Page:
A number of extremely busy roads in the Armagh and wider area, not on winter salting schedule, having been last assessed eight years ago.
And one of those roads – the Rock Road in Armagh – has never been counted for traffic, despite the unprecedented increase in properties in recent years.
SDLP Councillor Thomas O’Hanlon has called on the Divisional Roads Manager to a review the decision not to have this road, along with the Clea Road in Keady and the Farnaloy Road in Madden, added to the salting schedule.
“For the past number of months I have stepped up my work to have a number of local roads included on the routine salting schedule,” stated councillor O’Hanlon.
“The Clea Road in Keady, the Farnaloy Road in Madden and the Rock Road on the edge of Armagh City are three very busy and heavily trafficked roads.
“Local residents in each area have been constantly raising concerns about the fact that the Department of Infrastructure don’t salt the roads and they were pleading for this to be changed.”
He added: “The Clea Road from Keady and the Farnaloy Road Madden are extremely busy roads. They both have a substantial number of residential properties, thriving primary schools and numerous businesses.
“The Farnaloy Road also has a housing estate, busy community centre with a crèche and has two churches. Whereas the Rock Road on the outskirts of Armagh City has almost a thousand homes; it has experienced substantial growth over recent years and its surface can be lethal on a cold and frosty morning.”
Having had his request to have the roads reviewed and included in the Winter Salting Schedule refused, councillor O’Hanlon asked the Department of Infrastructure to detail the last time when actual assessments, including having counters placed on the roads, took place.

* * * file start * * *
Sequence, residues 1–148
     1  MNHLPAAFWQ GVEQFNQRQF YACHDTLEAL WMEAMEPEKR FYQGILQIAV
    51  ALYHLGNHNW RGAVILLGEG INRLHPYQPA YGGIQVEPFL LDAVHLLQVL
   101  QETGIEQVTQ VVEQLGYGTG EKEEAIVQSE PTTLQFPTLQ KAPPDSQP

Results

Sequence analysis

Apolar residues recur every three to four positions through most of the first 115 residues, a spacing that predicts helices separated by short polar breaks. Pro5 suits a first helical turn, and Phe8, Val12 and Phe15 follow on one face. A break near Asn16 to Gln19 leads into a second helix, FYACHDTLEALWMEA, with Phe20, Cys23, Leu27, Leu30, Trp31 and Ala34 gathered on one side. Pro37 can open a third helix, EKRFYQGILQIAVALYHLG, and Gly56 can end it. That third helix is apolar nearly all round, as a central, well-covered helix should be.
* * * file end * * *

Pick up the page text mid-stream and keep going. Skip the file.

“I was astonished to learn that the Rock Road has never been counted,” he said.
“The Clay Road was seven years ago in November 2011 and the Farnaloy Road was over eight years ago in June 2010.
“This is astonishing given the constant lobbying I and others have been involved in, including writing to numerous Roads Ministers over that time.”
To have a road included in the Winter Salting Schedule it must have 1,500 vehicle movements each day.
When last assessed in 2011 the Clay Road had 1331 vehicles per day, which was just 169 short of meeting the criteria.
The Farnaloy Road in 2010 had 1,028 vehicle movements per day and that was just 472 short of meeting the criteria.
Mr O’Hanlon continued: “In the intervening years there has been many new homes built on these routes, new businesses have opened and some have expanded not to mention the number of cars at each dwelling has increased.
“Roads Services own calculation allows for ten vehicle movements per day per dwelling, so this alone will have a huge impact.
“The refusal to even review or recount the vehicle movements at these locations is scandalous. I don’t ask for these reviews lightly, but because people are genuinely afraid to use the routes on cold and frosty morning.
“There have been accidents on all these roads, including one involving a school bus. To continue to say these routes benefit from secondary gritting is not acceptable, secondary gritting is a second class service and it cannot be tolerated.”
He concluded: “I have written to the Divisional Manager Simon Richardson and asked, given the passing of time since these routes were last assessed that a new assessment is carried out as a priority. It’s too late when someone loses their life and then its considered.”
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